1
$\begingroup$

Say you have a bunch of rectangles like these:

enter image description here

They get organized into 3 distinct final shapes like this:

enter image description here

As you can see, there are a few "complete contours", as in here:

enter image description here

The way you figure out the contour of the thing is by visually going around the edge of the final shape, sort of like this:

enter image description here

The question is, given that you start with a set of arbitrarily sized curves, in this case, rectangles (assume they were drawn as real rectangles), how to efficiently/effectively figure out what the final paths are on the final set of shapes. So in the pink drawing, there are 4 paths that define the whole system. I am having a hard time imagining how you would formulate this as perhaps a graph theory problem or something in order to iterate through a list of rectangles, determine their "connectivity", then create some sort of mental sketch of the "perimeter". It seems like it would get complicated fast.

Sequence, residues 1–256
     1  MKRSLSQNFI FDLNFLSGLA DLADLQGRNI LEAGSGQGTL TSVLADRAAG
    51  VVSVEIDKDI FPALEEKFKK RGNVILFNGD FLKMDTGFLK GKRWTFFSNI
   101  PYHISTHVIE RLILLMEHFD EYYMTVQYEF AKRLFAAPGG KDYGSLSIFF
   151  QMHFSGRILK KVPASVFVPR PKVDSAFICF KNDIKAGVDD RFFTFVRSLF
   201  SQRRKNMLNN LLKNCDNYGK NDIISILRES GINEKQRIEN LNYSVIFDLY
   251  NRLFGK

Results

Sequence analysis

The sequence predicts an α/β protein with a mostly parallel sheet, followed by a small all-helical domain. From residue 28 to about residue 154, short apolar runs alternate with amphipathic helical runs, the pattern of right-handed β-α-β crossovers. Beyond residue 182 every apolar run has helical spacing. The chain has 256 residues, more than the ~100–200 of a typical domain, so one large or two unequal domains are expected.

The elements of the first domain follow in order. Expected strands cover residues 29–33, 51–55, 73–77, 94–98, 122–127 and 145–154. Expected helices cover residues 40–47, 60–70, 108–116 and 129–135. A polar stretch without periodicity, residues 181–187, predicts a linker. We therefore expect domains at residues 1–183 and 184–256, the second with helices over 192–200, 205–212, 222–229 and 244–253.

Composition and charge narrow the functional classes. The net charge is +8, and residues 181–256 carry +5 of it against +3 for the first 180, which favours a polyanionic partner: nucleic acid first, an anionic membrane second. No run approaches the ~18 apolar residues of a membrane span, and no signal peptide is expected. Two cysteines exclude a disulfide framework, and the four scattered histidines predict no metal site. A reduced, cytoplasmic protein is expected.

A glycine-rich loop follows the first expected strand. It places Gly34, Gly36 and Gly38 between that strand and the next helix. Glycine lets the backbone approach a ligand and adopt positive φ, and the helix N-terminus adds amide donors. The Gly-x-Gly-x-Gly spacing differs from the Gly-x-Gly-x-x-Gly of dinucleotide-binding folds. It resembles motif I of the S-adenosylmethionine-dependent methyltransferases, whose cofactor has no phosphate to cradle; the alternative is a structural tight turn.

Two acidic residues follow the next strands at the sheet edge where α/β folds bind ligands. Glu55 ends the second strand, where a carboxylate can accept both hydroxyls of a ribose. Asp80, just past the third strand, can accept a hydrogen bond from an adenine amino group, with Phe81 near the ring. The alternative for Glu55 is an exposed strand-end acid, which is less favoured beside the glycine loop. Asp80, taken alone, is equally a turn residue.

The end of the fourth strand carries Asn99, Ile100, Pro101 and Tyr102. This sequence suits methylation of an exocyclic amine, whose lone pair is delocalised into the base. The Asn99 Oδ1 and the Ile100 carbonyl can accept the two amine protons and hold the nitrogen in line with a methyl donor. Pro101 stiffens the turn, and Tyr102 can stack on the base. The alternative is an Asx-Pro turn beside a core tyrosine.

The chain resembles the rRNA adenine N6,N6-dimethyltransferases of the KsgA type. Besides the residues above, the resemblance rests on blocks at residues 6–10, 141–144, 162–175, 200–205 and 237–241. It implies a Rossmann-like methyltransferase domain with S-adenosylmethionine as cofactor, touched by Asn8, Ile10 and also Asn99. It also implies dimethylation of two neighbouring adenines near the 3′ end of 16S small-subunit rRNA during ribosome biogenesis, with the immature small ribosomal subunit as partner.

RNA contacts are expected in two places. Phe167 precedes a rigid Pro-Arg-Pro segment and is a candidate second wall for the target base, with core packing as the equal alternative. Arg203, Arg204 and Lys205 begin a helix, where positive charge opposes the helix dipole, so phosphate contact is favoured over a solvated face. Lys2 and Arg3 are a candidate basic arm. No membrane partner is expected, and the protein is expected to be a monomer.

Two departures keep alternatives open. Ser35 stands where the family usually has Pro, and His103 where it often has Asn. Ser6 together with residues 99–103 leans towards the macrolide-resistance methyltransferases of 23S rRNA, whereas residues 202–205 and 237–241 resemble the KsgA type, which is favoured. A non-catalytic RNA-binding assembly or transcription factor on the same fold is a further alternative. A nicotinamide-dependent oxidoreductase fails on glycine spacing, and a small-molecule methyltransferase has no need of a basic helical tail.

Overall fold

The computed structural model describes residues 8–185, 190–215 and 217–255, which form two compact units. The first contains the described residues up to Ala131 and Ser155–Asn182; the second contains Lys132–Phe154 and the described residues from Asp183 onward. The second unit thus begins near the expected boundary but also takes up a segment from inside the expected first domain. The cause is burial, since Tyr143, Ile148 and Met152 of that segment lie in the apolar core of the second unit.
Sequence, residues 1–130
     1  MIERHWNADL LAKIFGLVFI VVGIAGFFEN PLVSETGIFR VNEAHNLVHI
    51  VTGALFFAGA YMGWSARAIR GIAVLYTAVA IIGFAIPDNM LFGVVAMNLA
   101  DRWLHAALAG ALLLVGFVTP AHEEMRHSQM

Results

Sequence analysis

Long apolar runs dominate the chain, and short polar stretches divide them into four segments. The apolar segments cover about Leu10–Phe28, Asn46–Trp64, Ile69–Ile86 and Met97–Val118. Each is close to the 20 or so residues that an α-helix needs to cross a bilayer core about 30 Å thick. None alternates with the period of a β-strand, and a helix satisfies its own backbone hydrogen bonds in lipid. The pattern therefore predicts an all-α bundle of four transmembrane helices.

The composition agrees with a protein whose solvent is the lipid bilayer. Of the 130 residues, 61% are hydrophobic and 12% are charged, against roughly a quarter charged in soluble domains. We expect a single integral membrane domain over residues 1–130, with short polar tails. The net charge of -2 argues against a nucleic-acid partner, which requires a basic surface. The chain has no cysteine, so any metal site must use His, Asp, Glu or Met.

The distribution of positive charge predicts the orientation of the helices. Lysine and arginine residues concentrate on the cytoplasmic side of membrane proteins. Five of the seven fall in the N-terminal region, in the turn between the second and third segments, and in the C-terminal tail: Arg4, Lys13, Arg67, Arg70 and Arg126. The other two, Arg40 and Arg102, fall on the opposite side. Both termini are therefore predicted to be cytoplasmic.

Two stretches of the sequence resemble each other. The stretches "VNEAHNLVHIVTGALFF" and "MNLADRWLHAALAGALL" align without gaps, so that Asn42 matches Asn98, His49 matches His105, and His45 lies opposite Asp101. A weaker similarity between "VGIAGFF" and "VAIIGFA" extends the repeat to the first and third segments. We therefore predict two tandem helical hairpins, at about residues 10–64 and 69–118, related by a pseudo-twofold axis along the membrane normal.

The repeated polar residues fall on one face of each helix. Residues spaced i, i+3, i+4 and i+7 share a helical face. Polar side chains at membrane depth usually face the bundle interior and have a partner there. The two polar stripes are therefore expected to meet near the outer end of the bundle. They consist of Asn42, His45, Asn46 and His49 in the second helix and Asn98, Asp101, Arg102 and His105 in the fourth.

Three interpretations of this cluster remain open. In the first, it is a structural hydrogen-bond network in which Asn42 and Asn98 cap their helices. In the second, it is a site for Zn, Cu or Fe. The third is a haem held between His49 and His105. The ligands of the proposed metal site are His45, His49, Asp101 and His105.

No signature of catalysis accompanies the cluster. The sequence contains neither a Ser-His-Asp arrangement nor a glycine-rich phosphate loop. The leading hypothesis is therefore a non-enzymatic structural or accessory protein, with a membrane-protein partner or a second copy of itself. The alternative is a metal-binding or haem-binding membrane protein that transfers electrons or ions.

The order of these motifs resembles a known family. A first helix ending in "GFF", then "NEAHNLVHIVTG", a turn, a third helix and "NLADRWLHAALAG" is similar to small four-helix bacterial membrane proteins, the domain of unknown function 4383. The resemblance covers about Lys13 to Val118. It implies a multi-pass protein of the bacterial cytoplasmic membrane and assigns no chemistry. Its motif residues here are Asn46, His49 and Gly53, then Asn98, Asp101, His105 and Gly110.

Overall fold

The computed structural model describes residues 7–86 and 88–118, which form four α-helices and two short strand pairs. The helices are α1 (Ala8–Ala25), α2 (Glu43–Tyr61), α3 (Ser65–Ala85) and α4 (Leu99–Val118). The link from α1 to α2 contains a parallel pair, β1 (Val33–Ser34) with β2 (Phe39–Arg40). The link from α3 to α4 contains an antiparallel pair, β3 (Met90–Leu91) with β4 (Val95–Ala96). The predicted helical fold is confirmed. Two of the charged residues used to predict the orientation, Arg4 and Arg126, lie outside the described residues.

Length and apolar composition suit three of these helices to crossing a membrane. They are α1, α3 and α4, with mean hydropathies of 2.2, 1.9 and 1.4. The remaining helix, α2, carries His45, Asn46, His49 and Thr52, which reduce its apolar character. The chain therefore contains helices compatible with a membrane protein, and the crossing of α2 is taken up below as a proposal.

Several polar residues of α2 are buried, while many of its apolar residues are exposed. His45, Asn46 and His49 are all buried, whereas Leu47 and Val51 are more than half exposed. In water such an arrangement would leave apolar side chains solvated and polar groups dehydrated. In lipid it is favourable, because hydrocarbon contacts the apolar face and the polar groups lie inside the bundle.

Wondering if there are any areas of research that delve into this stuff, or if there is a straightforward solution to the problem.

$\endgroup$
  • $\begingroup$ Do you have all "blocks" in advance? Your input is set of shapes and final raster? There are ideas like skeletonization, vectorization, blob detection, shape detection, Viola-Jones descriptors, feature detection, crossing point detection and many more concepts ressembling your problem. That said, I have a hard time understanding what is the input and what is your goal. What do you mean by paths? If your curves are given than finding intersections and "connectivity" is a good start, but what is next point? Finding blobs and detecting loops? $\endgroup$ – Evil Jan 31 at 23:25
  • $\begingroup$ Yes I have all the blocks in advance. The shapes are in a data structure with width/height/x/y/bezier/etc. like svg path. $\endgroup$ – user10869858 Feb 1 at 2:10
  • 1
    $\begingroup$ Can segments of the rectangles have any orientation ? Or only along 2 orthogonal axis ? $\endgroup$ – Vince Feb 1 at 9:53
  • 2
    $\begingroup$ I don't understand the problem statement. You want to find out what "the final paths" are, but what do you mean by "the final paths"? That phrase is never defined. Can you edit the question to clarify what is the input and what is the desired output? $\endgroup$ – D.W. Feb 1 at 23:43

Your Answer

By clicking “Post Your Answer”, you agree to our terms of service, privacy policy and cookie policy

Browse other questions tagged or ask your own question.